By Nick Jacobs | Published in The Pittsburgh Post-Gazette on December 9, 2017
Evidence-based holistic medicine has been proven to save lives and make people healthier
Nick Jacobs, among his other affiliations, is an officer of the Integrative Health Policy Consortium, which represents more than 600,000 IHM practitioners; president of the Clinical and Translational Genome Research Institute, which he founded; and a consultant to the Department of Defense in breast cancer research.
Pennsylvanians received good news recently when the Pennsylvania Health Care Cost Containment Council reported that hospital readmissions and mortality rates continue falling locally and statewide.
The report shows these rates declining for a number of common types of treatments. It gives much of the credit to a “commitment of PA hospitals to provide quality care” and to the Affordable Care Act, which ties reimbursements to that quality care. This, in turn, encourages health care facilities to strive for improved mortality rates because doing so helps keep government funds flowing through their doors.
Regardless of the motivation, this is good news. But it’s not good enough.The mortality rate could be improved even more dramatically if more health care administrators and physicians would introduce integrative health and medicine practices into their services.
Integrative health and medicine (IHM), as defined by the American Board of Integrative Medicine and the Academic Consortium for Integrative Medicine & Health, recognizes the importance of the relationship between practitioner and patient. IHM focuses on the whole person, is evidenced-based and employs a wide range of appropriate therapies, health care professionals and disciplines to achieve optimal health and healing.
Integrative health practice includes treatments and therapies such as acupuncture; natural products; deep breathing; Tai chi and Qi Gong; meditation; massage; special anti-inflammatory diets; progressive relaxation; journaling; biofeedback; pet, music and dance therapies; hypnosis and guided imagery. When provided by a licensed or certified health care professional, IHM provides numerous benefits. It can decrease chronic pain, post-operative pain and the need for medications. It can improve patient satisfaction and shorten hospital stays. It can lower mortality rates. IHM methods also are relatively inexpensive.
Many places, including the Cleveland Clinic, have reported cost savings per patient, while also seeing reductions in patient anxiety, pain and medications. During my tenure as CEO at Windber (Pa.) Medical Center, I worked with physicians, staff and volunteers to create a healing environment by embracing all methods and therapies used in integrative medicine and combining them with the ambiance of a fine hotel and the amenities of a health spa. We carefully scrutinized and credentialed practitioners specializing in services such as aroma and massage therapy, integrative nutritional counseling, acupuncture, chiropractic manipulation, pet and music therapy, reiki and spiritualty, to name a few.
In short, a healing environment permeated our facility.
Yes, we had our share of naysayers and opposition among physicians, allied health care professionals and others, but over time our infection rate dropped below 1 percent and stayed there for a decade. (The national average is 9 percent.) Of our peer hospitals, we had the lowest readmission rates, restraint rates and lengths of stay. Even with a palliative care unit to care for dying patients and their families, we had the lowest death rate among our peer hospitals.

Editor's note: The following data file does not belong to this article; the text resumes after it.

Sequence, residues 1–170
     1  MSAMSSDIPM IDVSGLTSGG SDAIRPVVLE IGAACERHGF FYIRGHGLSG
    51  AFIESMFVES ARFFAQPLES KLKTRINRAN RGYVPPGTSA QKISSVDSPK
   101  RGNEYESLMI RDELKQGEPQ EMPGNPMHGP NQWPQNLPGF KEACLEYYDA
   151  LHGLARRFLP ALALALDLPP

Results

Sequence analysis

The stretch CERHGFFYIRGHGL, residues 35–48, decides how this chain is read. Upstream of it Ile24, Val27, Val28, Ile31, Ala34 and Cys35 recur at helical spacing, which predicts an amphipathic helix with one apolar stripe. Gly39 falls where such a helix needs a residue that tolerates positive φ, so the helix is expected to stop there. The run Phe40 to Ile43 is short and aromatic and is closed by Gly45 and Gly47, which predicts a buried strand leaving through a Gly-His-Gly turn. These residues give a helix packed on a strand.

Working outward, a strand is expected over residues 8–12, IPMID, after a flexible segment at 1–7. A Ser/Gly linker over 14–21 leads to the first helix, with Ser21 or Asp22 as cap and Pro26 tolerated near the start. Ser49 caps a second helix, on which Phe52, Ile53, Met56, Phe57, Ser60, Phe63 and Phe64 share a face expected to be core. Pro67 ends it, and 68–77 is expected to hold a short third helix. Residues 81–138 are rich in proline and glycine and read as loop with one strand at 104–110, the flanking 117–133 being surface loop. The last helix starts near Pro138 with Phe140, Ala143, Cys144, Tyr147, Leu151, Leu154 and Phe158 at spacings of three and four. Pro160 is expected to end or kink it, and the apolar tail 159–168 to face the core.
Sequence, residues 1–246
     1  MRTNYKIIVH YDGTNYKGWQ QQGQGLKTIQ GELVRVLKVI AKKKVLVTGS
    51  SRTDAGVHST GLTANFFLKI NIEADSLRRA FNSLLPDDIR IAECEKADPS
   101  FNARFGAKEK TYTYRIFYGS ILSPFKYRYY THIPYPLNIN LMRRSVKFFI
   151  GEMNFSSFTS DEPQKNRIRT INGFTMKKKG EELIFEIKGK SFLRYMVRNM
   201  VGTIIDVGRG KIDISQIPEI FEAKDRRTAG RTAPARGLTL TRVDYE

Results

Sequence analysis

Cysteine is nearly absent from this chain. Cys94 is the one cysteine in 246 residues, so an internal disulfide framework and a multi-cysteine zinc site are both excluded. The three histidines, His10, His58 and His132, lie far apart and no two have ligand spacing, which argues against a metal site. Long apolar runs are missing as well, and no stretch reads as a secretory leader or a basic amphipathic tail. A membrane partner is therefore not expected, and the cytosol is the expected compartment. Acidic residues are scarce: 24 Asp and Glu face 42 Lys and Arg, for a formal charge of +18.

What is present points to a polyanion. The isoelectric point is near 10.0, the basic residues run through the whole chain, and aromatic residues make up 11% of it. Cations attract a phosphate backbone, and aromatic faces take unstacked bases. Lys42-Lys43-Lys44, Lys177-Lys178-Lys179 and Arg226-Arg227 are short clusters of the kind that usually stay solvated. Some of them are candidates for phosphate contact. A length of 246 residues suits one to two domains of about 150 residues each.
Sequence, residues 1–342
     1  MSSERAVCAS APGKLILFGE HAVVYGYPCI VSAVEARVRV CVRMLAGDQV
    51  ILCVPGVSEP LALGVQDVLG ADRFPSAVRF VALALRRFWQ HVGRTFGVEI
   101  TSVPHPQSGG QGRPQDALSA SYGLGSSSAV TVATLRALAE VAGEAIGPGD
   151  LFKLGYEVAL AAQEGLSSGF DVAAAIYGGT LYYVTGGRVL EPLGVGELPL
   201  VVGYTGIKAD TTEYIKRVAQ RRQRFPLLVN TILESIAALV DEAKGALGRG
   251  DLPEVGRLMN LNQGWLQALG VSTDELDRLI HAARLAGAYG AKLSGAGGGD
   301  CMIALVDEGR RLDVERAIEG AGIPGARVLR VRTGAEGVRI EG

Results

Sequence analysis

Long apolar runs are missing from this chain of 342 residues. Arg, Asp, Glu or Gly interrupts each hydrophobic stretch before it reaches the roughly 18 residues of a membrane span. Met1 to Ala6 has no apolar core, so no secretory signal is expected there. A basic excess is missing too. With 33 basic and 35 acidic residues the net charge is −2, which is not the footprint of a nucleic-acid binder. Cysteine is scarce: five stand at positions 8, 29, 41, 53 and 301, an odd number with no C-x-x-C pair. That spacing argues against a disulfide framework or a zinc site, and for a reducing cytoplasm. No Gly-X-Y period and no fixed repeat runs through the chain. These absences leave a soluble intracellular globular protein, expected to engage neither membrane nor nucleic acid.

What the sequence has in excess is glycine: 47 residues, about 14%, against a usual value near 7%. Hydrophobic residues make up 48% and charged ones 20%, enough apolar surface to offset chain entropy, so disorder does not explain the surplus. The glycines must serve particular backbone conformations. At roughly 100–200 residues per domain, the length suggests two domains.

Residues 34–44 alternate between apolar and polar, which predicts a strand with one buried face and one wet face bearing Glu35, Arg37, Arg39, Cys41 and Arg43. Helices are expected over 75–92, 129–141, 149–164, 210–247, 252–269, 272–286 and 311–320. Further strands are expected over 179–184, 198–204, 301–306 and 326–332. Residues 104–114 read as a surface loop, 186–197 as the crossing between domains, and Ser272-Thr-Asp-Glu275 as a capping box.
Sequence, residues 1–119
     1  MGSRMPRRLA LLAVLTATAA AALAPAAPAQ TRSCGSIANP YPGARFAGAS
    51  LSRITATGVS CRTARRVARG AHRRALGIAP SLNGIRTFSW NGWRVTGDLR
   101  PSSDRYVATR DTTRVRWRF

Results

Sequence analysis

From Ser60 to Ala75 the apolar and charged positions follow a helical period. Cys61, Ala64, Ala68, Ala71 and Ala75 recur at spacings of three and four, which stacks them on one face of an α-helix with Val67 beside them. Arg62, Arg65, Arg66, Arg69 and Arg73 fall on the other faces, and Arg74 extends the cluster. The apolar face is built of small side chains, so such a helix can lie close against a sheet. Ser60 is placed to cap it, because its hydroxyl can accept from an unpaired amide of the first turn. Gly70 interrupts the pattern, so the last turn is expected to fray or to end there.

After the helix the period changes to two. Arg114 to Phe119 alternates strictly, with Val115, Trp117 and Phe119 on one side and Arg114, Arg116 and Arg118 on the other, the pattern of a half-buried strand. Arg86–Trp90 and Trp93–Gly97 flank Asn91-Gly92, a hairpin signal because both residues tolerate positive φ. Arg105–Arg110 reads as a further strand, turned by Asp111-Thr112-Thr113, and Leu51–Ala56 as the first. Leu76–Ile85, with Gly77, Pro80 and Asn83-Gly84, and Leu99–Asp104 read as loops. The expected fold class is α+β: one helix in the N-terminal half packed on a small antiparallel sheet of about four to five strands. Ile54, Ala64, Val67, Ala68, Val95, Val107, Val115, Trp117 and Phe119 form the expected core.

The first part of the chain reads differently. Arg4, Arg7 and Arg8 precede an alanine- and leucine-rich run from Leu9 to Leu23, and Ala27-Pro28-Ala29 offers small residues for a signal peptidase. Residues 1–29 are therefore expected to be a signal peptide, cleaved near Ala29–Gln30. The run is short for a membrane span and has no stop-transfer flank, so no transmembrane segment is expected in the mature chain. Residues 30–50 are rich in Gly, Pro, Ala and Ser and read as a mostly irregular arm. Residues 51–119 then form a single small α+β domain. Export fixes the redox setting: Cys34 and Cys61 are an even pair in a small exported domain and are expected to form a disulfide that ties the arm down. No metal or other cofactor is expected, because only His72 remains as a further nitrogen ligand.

For those who would say it was all coincidence because Windber is a small hospital, I would direct them to the 19,000 papers written supporting the efficacy of acupuncture alone, and then to the thousands of papers written about the healing power of music, massage and so many other treatments dismissed all too readily by traditional practitioners.
IHM practices are not at odds with traditional medical practices; rather, they enhance them. Yet in many hospitals and physicians’ offices they are ignored, discouraged, even ridiculed. Such negative reactions result from ignorance, misinformation, prejudice and even greed — pharmaceutical companies, for instance, see no profit in promoting most IHM treatments, and some medical practices might earn less if, instead of scheduling patients for costly treatments or surgeries, they instead treated patients with acupuncture, spinal manipulation, massage therapy or even mindfulness.
Resistance to IHM is breaking down, but this shift in attitude needs to be accelerated. If you travel to Europe or Asia, you will see integrative medicine practices thriving because their value is acknowledged and embraced. In America, IHM beachheads are being established in health care systems and universities, thanks to such groups as the Family Medicine Education Consortium, Integrative Health Policy Consortium and the Academy of Integrative Health and Medicine, of which I am a co-founder. The academy includes among its members hundreds of licensed physicians who have successfully merged IHM with traditional medical practices.
Much remains to be done to more broadly spread the healing benefits of IHM, which will happen only when more patients take more responsibility for their health and demand IHM treatments, more physicians research and adopt them, and more insurance companies pay for them. When that day comes, there will be a lot more good news about mortality rates and other measures of medical care for Pennsylvanians and people all over the country to celebrate.